With the **DiagrammeR** package you can create, modify, analyze, and visualize network graph diagrams. The output can be incorporated into **RMarkdown** documents, integrated with **Shiny** web apps, converted to other graph formats, or exported as **PNG**, **PDF**, or **SVG** files.

Itâ€™s possible to make the above graph diagram using a combination of **DiagrammeR** functions strung together with the **magrittr** `%>%`

pipe:

```
library(DiagrammeR)
create_random_graph(
n = 140, m = 100,
directed = FALSE,
set_seed = 23) %>%
join_node_attrs(
df = get_s_connected_cmpts(.)) %>%
join_node_attrs(
df = get_degree_total(.)) %>%
colorize_node_attrs(
node_attr_from = sc_component,
node_attr_to = fillcolor,
alpha = 80) %>%
rescale_node_attrs(
node_attr_from = total_degree,
to_lower_bound = 0.2,
to_upper_bound = 1.5,
node_attr_to = height) %>%
select_nodes_by_id(
nodes = get_articulation_points(.)) %>%
set_node_attrs_ws(
node_attr = peripheries,
value = 2) %>%
set_node_attrs_ws(
node_attr = penwidth,
value = 3) %>%
clear_selection() %>%
set_node_attr_to_display(
attr = NULL) %>%
render_graph()
```

**DiagrammeR**â€™s graph functions allow you to create graph objects, modify those graphs, get information from the graphs, create a series of graphs, and do many other useful things.

This functionality makes it possible to generate a network graph with data available in tabular datasets. Two specialized data frames contain node data and attributes (node data frames) and edges with associated edge attributes (edge data frames). Because the attributes are always kept alongside the node and edge definitions (within the graph object itself), we can easily work with them and specify styling attributes to differentiate nodes and edges by size, color, shape, opacity, length, and more.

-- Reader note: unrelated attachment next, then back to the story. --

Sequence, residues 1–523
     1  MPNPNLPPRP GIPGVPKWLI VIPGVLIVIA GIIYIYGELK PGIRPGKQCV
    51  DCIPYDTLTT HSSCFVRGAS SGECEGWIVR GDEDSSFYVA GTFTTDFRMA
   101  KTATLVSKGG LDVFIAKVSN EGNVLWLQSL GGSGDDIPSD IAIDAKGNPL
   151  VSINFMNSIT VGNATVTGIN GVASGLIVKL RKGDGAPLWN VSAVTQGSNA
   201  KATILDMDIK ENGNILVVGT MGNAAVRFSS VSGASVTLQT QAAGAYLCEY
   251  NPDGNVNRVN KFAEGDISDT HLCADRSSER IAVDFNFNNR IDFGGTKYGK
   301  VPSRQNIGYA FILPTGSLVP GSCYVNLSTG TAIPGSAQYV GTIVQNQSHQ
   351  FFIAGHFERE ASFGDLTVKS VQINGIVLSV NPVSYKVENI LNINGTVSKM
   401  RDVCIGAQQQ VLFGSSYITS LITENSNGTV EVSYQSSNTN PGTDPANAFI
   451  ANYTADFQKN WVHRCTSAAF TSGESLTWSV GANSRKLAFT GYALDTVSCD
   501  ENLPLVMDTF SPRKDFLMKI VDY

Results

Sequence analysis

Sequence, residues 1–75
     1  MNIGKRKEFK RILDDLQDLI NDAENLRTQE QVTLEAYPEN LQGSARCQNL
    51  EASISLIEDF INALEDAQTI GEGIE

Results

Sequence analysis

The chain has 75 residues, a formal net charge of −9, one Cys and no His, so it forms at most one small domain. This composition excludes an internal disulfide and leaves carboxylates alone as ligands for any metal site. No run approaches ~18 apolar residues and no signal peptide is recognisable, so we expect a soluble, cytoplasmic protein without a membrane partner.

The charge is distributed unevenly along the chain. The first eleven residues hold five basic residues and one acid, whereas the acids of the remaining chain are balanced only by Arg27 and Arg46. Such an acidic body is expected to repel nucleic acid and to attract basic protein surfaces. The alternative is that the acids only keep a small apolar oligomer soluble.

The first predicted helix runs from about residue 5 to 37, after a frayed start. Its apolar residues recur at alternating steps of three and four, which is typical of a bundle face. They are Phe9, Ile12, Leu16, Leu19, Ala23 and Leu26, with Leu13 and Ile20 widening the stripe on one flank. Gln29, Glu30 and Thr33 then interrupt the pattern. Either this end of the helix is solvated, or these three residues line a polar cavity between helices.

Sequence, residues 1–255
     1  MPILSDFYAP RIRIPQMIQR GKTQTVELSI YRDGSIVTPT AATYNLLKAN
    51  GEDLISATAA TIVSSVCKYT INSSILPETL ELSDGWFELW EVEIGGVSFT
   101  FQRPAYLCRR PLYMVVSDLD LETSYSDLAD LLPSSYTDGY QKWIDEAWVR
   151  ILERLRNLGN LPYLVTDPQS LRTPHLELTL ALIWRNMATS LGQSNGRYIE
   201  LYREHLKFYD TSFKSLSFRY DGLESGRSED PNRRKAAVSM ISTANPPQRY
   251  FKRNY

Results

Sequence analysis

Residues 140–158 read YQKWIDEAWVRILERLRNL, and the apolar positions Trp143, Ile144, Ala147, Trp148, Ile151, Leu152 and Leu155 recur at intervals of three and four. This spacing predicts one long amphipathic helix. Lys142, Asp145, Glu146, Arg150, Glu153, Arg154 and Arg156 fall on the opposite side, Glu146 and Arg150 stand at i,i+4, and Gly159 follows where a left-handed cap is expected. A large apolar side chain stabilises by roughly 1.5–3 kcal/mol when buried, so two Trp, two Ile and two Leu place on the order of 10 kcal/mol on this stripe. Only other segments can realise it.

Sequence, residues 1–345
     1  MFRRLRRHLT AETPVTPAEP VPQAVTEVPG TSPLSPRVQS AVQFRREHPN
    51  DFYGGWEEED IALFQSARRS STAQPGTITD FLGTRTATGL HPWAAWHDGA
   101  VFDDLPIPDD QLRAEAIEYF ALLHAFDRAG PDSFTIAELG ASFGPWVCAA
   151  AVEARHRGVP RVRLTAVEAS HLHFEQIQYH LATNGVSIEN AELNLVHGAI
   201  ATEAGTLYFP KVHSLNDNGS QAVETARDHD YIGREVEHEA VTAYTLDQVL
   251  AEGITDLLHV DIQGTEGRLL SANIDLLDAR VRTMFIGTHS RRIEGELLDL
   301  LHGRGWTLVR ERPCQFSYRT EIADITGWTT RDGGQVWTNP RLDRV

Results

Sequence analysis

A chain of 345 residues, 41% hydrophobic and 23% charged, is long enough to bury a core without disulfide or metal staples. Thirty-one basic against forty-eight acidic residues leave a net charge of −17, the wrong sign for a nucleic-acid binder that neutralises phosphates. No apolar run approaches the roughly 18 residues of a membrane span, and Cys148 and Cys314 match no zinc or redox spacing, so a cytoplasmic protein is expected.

Letâ€™s create a property graph that pertains to contributors to three software projects. This graph has nodes representing people and projects. The attributes `name`

, `age`

, `join_date`

, `email`

, `follower_count`

, `following_count`

, and `starred_count`

are specific to the `person`

nodes while the `project`

, `start_date`

, `stars`

, and `language`

attributes apply to the `project`

nodes. The edges represent the relationships between the people and the project.

The example graph file `repository.dgr`

is available in the `extdata/example_graphs_dgr/`

directory in the **DiagrammeR** package (currently, only for the **Github** version). We can load it into memory by using the `open_graph()`

function, with `system.file()`

to provide the location of the file within the package.

```
library(DiagrammeR)
# Load in a the small repository graph
graph <-
open_graph(
system.file(
"extdata/example_graphs_dgr/repository.dgr",
package = "DiagrammeR"))
```

We can always view the property graph with the `render_graph()`

function.

`render_graph(graph, layout = "kk")`

Now that the graph is set up, you can create queries with **magrittr** pipelines to get specific answers from the graph.

Get the average age of all the contributors. Select all nodes of type `person`

(not `project`

). Each node of that type has non-`NA`

`age`

attribute, so, get that attribute as a vector with `get_node_attrs_ws()`

and then calculate the mean with **R**â€™s `mean()`

function.

```
graph %>%
select_nodes(
conditions = type == "person") %>%
get_node_attrs_ws(
node_attr = age) %>%
mean()
#> [1] 33.6
```

We can get the total number of commits to all projects. We know that all edges contain the numerical `commits`

attribute, so, select all edges (`select_edges()`

by itself selects all edges in the graph). After that, get a numeric vector of `commits`

values and then get its `sum()`

(all commits to all projects).

```
graph %>%
select_edges() %>%
get_edge_attrs_ws(
edge_attr = commits) %>%
sum()
#> [1] 5182
```

Single out the one known as Josh and get his total number of commits as a maintainer and as a contributor. Start by selecting the Josh node with `select_nodes(conditions = name == "Josh")`